And yes, Christina worked on the typesetting and internal layout as well. I chose her because I trust her competence and vision, and enjoy her friendly willingness to persevere through my niggling design adjustment requests. What a gem.
Reaching the Finish Line
KN: I often hear from clients that completing their book was one of the most meaningful accomplishments of their lives. What has finishing this book made possible for you?
TD: What’s funny about this question is I’m in a unique position with self-publishing. Since I’m retired I really have nothing to sell; I’m not trying to build a career or brand for myself. I’ve been in hospice for 16 months already and never expected to survive this long. Until recently I didn’t know if I’d get to finish the book, so my husband had instructions on finishing it for me, similar to what Paul and Lucy Kalanithi did with When Breath Becomes Air. Sometimes I wonder if the day after my book is published, I will have completed my mission and finally feel free to croak. My own therapist keeps reminding me that I may have more projects in me, and maybe even another book(!). She’s smart about things, so I’m trying to listen.
As I neared publication, interesting offers began to trickle in. People began contacting me to collaborate on creative projects. My launch team of advanced readers write daily with ideas for how to expand my reach. I even had an ALS activist offer to read passages from my book to Congress during a hearing on treatment access for patients like me. So I’m trying to stay open; it seems like the universe may get to squeeze more out of me yet.
KN: Who is your ideal reader for the book, and what do you hope they will learn and/or experience from reading the book?
TD: I believe I cast a wide net with my story, since it captures the challenge of grappling with one’s own mortality, which is about as universal as it gets. But I believe it’ll especially resonate with anyone with chronic illness who’s frustrated with allopathic medicine and perplexed by the vagaries of alternative healing and “wellness” culture.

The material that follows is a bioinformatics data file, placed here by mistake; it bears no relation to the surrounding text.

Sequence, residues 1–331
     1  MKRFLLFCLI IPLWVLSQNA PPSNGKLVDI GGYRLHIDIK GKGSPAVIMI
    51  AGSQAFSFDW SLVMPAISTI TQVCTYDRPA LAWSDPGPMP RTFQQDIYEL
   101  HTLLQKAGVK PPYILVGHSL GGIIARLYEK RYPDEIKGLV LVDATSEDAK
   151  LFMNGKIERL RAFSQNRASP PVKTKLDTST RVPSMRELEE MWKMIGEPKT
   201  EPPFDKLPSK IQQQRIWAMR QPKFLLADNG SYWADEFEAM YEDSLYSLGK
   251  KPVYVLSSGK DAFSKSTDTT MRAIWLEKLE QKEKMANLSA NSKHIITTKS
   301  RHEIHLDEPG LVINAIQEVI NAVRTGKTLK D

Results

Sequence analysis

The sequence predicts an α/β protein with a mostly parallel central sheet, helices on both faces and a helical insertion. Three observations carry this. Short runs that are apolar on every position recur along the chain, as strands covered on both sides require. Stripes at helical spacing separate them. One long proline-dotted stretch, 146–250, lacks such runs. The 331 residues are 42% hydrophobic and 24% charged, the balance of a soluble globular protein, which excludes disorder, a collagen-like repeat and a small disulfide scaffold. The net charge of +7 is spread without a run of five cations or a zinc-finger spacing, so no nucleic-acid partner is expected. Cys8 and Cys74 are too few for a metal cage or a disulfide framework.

I also attempt to use my story to explore the complex reality of spiritual abuse; how grief can have wide-ranging manifestations; and how us humans are not always equipped for showing up for each other following misfortune. I’m hoping these themes will help readers feel less alone in their own emotional complexities, and more prepared to help hold others through their own life descents and difficult reckonings.
One theme I weave throughout the book is how seductive and destructive spiritual bypassing is. People with illness are often gaslit by New Age or prosperity gospel-type ideas into believing they caused their own suffering, and therefore shouldn’t feel bad about it. This puts people in a bind, because it says, “your negativity caused this, so you should definitely become negative about your negativity, while simultaneously being grateful for the wake-up call.” I think more and more people are waking up to how terrible this narrative is. I believe it’s interwoven with white supremacy and its libertarian, bootstrapping notions of destiny which conveniently ignore systemic and structural realities which can affect health. So I think anyone who wants to explore dismantling those ideas—or at least learn how I’ve tried to—will enjoy the read.
Having said that, I still try to name the beautiful parts of my experience with—and despite—an upended life. I’ve found it’s true that small mercies and miracles can still be found even in the midst of personal catastrophe, especially once the early grief has worn down. I just think it’s important to bring more nuance to the difficult, self-determined process of meaning-making and reclamation. And I think lots of folks are hungry for that right now.
KN: Finally, where can folks find you and the book online?
If you’d like to learn more about self-publishing your book, check out our self-publishing services.
Kelly Notaras is the founder of kn literary arts and the author of THE BOOK YOU WERE BORN TO WRITE: Everything You Need to (Finally) Get Your Wisdom Onto the Page and Into the World, published by Hay House. An editor for 20 years, she’s worked at HarperCollins, Penguin, Hyperion and Sounds True. She speaks regularly at the Hay House Writer’s Workshops and offers consultation by appointment. Find out more about how she can help you with your book.